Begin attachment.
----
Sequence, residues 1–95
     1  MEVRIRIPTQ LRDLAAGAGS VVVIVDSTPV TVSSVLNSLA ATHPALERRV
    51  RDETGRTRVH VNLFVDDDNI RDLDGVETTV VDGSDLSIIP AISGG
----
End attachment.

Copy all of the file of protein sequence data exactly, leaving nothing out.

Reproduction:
Sequence, residues 1–95
     1  MEVRIRIPTQ LRDLAAGAGS VVVIVDSTPV TVSSVLNSLA ATHPALERRV
    51  RDETGRTRVH VNLFVDDDNI RDLDGVETTV VDGSDLSIIP AISGG